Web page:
Maraṇasati | Mindfulness of Death

Maraṇasati | Mindfulness of Death
Maraṇasati | Mindfulness of Death

1. Maraṇasati

Maraṇasati (mindfulness of death, death awareness) is a Buddhist meditation practice of remembering (frequently keeping in mind) that death can strike at any time (AN 6.20),

and we should practice assiduously heedfulness and with urgency in every moment, even in the time it takes to draw one breath.

Not being diligent every moment is called negligence by the Buddha (AN 6.19).

In the Earliest discourses of the Buddha, the term Maraṇasati is only explicitly defined twice, in those 2 suttas AN 6.19 and AN 6.20.

Later Buddhist schools have expanded the meaning of Maraṇasati to include various visualization and contemplation techniques to meditate on the nature of death.

The cultivation of Maraṇasati is said to be conducive to Right Effort and also helps in developing a sense of Spiritual Urgency (Samvega) and Renunciation (Nekkhamma).

2. Theravada Buddhism

Mindfulness of death is a common practice in Southeast Asian Buddhist monasteries.

Theravāda Buddhist monasteries will often have human skeletons on display in the meditation hall.

In the Pāḷi Canon

The Satipaṭṭhāna Sutta (MN: 10) and the <>Kāyagatāsati Sutta (MN: 119) include sections on the cemetery contemplations which focus on 9 stages of corpse decomposition (Pāḷi: nava sīvathikā-manasikāra). These are:

  1. A corpse that is "swollen, blue and festering."
  2. A corpse that is "being eaten by crows, hawks, vultures, dogs, jackals or by different kinds of worms."
  3. A corpse that is "reduced to a skeleton together with (some) flesh and blood held in by the tendons."
  4. A corpse that is "reduced to a blood-besmeared skeleton without flesh but held in by the tendons."
  5. A corpse that is "reduced to a skeleton held in by the tendons but without flesh and not besmeared with blood."
  6. A corpse that is "reduced to bones gone loose, scattered in all directions."
  7. A corpse that is "reduced to bones, white in colour like a conch."
  8. A corpse that is "reduced to bones more than a year old, heaped together."
  9. A corpse that is "reduced to bones gone rotten and become dust."

The Satipaṭṭhāna Sutta instructs the meditator to reflect thus:

This body of mine, too, is of the same nature as that body, is going to be like that body, and has not got past the condition of becoming like that body.

According to the Maraṇasati Sutta (AN 6.20) a monk should reflect on the many possibilities which could bring death and then turn his thoughts to the unskilful mental qualities he has yet to abandon:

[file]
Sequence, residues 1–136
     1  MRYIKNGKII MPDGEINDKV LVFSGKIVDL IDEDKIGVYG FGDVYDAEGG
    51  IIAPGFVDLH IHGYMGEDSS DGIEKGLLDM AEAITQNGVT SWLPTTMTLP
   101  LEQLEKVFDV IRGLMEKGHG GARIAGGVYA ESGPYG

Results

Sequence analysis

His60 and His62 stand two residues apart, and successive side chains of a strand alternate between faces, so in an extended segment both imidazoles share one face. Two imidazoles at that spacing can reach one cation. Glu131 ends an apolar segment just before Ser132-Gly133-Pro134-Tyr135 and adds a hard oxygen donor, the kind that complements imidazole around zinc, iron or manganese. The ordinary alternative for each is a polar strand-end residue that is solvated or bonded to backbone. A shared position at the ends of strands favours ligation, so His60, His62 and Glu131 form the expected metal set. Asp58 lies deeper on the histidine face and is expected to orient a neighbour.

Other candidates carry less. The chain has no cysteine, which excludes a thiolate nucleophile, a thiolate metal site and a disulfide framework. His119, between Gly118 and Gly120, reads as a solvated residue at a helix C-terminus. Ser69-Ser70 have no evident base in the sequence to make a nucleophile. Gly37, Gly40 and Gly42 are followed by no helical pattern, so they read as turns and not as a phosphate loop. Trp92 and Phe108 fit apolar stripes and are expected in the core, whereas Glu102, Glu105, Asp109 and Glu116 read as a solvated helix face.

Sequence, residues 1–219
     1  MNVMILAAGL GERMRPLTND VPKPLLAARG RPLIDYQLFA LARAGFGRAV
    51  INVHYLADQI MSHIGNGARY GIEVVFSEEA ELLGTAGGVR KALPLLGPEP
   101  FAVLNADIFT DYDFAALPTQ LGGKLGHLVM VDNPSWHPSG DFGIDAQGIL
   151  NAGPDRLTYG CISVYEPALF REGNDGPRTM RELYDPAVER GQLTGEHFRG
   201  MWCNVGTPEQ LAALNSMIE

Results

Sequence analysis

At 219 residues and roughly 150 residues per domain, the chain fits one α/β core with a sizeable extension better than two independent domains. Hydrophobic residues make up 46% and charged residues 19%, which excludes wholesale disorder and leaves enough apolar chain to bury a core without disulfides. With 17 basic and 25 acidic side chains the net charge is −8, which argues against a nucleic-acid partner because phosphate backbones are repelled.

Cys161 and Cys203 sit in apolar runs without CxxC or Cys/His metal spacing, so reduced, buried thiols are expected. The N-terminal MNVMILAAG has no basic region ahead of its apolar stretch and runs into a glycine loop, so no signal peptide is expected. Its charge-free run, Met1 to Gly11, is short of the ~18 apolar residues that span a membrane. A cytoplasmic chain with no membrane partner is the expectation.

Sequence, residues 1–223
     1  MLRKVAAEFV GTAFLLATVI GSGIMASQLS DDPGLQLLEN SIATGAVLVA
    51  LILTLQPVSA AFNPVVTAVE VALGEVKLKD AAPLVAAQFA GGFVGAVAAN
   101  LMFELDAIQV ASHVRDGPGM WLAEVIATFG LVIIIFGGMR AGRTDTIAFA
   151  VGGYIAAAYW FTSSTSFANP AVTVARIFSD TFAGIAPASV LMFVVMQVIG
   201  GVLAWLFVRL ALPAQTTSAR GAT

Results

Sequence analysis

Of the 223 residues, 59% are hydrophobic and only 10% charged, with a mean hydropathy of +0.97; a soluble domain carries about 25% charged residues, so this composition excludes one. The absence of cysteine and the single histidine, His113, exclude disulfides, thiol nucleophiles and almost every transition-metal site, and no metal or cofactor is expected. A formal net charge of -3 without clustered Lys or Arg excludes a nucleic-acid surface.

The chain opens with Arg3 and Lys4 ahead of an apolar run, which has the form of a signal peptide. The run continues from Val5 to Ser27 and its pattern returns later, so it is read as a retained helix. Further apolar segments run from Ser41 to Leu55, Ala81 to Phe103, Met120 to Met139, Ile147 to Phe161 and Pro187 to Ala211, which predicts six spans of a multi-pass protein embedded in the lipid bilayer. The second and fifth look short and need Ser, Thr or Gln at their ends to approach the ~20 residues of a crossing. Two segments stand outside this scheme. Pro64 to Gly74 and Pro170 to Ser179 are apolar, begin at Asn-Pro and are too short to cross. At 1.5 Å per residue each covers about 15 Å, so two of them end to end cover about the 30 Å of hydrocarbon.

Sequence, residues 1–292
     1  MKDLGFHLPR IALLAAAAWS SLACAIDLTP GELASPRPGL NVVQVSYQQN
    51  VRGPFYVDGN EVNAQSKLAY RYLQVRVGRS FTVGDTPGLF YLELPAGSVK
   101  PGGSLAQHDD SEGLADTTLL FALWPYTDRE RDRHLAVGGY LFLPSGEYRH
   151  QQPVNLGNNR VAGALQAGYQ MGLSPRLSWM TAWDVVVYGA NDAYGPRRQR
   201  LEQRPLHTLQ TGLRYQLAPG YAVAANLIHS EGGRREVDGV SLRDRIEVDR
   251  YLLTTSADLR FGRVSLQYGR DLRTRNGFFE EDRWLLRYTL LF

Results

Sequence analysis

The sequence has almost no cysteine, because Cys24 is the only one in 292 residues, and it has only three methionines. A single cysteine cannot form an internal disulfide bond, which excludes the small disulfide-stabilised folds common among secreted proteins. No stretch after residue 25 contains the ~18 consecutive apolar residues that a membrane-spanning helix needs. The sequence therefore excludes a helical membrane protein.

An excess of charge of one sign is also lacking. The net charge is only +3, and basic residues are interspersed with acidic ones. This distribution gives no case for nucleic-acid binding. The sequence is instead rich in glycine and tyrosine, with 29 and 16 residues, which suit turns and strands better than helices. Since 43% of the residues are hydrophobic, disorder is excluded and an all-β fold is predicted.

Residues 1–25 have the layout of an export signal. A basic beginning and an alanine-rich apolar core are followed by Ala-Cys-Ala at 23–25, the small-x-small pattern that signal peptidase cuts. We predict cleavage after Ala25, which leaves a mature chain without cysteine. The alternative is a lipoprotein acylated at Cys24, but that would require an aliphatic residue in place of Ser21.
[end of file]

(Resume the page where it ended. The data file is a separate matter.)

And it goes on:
Just as when a person whose turban or head was on fire would put forth extra desire, effort, diligence, endeavour, undivided mindfulness, & alertness to put out the fire on his turban or head,

in the same way the monk should put forth extra desire, effort, diligence, endeavour, undivided mindfulness, & alertness for the abandoning of those very same evil, unskilful qualities.

In Buddhaghoṣa’s Visuddhimagga

According to Buddhaghoṣa’s Visuddhimagga, there are 8 ways of meditating on death:

  1. meditating on death as a murderer, since it takes away life;
  2. meditating on death as the ruin of success;
  3. viewing it by comparison with famous persons reflecting that even these great ones eventually died, even the enlightened ones themselves;
  4. meditating on the body as the abode of many-many worms as well as the target of many others;
  5. meditating on the difficulty of keeping alive;
  6. meditating on it as without occasion, since beings die unpredictably;
  7. meditating on the shortness of a lifetime;
  8. meditating on the fact that, properly speaking, the lifetime of a being is a single moment of consciousness, that one dies every moment, so to speak.

3. Tibetan Buddhism

Mindfulness of death is a central teaching of Tibetan Buddhism: it is one of the "4 Thoughts," which turn the mind towards Spiritual Practice.

One set of Tibetan Buddhist contemplations on Death come from the 11th century Buddhist scholar Atiśa Dīpankara:

Atiśa is said to have said to his students that if a person is unaware of Death, their meditation will have little power.

Atiśa’s contemplations on Death:

  1. Death is inevitable.
  2. Our life span is decreasing continuously.
  3. Death will come, whether or not we are prepared for it.
  4. Human life expectancy is uncertain.
  5. There are many causes of death.
  6. The human body is fragile and vulnerable.
  7. At the time of death, our material resources are not of use to us.
  8. Our loved ones cannot keep us from death.
  9. Our own body cannot help us at the time of our death.

Other Tibetan Buddhist practices deal directly with the Moment of Death, preparing the meditator for entering and navigating the Bardo, the Intermediate Stage between life and death:

This is the theme of the popular Great Liberation through hearing during the intermediate state (Tibetan Book of the Dead).